Another benefit is the ability to fix bugs quickly instead of waiting for the vendor to fix them. It is of great benefit to be able to support software you didn’t write. It is also a great benefit to be able to add (or remove) features of the software you use. Note that open source doesn’t necessarily mean free software, although open source software is often free. It just means that you get the source code instead of only the binary version of the code. There is no compelling reason why Microsoft, for example, couldn’t offer their products as open source.

  • #74405

    Bill Vass

    One of the interesting things you can see in my blog, is that the data on the National Vulnerability Database that DHS operates supports the fact that commercial open source products have had a much lower number of security exploits than proprietary products over the same period of time.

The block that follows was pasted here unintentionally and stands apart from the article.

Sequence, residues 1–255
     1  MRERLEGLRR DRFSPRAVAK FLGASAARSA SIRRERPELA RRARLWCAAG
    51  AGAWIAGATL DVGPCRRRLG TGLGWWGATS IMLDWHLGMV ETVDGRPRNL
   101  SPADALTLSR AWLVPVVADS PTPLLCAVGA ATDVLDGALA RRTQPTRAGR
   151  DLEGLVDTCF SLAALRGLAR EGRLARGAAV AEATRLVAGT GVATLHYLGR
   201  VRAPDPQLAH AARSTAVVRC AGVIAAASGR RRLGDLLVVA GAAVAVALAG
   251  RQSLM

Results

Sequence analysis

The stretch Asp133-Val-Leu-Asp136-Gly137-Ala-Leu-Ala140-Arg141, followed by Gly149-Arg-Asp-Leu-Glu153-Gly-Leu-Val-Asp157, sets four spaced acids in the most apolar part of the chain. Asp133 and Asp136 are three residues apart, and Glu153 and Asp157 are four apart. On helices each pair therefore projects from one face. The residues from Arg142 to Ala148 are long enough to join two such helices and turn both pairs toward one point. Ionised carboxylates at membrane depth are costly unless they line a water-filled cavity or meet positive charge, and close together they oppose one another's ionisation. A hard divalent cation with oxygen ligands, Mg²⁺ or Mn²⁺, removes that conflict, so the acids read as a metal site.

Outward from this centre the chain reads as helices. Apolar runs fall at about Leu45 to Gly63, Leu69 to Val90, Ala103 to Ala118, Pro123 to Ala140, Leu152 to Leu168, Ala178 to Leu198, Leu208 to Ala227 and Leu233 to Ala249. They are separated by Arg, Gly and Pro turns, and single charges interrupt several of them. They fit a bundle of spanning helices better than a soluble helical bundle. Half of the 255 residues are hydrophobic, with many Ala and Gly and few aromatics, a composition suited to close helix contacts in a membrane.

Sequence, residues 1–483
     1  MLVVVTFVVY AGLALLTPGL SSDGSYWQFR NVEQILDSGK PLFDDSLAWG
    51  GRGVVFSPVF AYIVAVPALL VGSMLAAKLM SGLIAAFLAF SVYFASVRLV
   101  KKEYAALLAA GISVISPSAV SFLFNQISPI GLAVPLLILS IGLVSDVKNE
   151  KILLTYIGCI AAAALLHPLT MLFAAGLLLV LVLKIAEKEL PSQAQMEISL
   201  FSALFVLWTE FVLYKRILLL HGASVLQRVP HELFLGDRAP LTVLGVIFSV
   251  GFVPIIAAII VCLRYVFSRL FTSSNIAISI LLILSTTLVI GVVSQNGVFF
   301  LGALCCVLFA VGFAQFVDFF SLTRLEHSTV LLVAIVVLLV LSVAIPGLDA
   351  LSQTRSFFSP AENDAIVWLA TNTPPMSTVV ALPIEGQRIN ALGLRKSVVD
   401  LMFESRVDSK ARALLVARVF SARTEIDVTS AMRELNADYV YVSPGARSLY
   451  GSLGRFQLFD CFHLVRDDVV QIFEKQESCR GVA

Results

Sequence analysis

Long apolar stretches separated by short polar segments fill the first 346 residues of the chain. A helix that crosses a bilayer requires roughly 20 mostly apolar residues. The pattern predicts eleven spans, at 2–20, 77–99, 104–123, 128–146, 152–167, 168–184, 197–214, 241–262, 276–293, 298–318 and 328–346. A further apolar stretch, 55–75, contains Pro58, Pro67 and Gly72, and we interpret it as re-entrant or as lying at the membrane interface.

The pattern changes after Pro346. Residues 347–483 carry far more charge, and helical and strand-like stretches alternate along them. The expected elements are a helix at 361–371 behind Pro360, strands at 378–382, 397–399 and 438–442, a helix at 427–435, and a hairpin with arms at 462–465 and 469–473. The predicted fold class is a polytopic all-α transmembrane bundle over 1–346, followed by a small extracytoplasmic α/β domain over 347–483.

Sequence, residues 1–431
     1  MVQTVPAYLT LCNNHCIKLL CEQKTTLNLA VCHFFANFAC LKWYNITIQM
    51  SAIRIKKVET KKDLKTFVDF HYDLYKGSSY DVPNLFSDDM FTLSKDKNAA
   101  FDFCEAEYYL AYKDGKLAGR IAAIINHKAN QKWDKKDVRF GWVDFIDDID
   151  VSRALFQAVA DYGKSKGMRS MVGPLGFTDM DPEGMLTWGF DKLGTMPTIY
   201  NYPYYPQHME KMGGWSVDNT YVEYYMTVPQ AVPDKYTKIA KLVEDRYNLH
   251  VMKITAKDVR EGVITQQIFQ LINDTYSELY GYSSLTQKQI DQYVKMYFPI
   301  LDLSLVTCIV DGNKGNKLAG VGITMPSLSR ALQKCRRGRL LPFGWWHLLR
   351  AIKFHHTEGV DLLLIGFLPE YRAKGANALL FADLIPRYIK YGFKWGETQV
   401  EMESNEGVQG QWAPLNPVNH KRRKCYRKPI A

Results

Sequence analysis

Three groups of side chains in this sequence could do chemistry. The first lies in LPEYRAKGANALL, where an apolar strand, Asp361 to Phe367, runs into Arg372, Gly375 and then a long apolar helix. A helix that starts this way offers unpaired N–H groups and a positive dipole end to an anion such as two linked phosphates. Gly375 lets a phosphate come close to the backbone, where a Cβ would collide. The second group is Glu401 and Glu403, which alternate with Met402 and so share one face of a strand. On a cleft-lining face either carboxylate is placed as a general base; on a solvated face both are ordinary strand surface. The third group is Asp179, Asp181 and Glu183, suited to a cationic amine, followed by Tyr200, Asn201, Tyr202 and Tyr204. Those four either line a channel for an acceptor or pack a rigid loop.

Over the past few months I have been detailing the 6 top reason’s I see the government moving to open source,

    The number one reason is better security. You can see the data from the NVD in my blog, they have used that data to assign a security risk factor for using a specific piece of software. That risk takes into account the number of distributions ( removing the old FUD about “we only get attacked more because we have more copies out there”), and normalizes it with the risk, number of exploits, and severity of the exploits. The lower the number, the more secure the product is.

    See the “#1 reason to move to open source: better security”, section of my blog to see all the data and why open source products tend to be more secure than their proprietary equivenents

  • #74403

    Bill Vass

    This is another great point I have covered in my blog (Reason #3 the Government is moving to open source)

    Lots of time the life of government programs exceed the service life of most IT products, since the code is in the public domain, service can be provided beyond the end of service life of a product or vendor by third parties. This keeps the government from being locked in forever and held hostage by a vendor

  • #74401

    Bill Vass

    Open source is not a silver bullet, but it has proven to be more secure over the lifetime of most products

  • #74399

    Bill Vass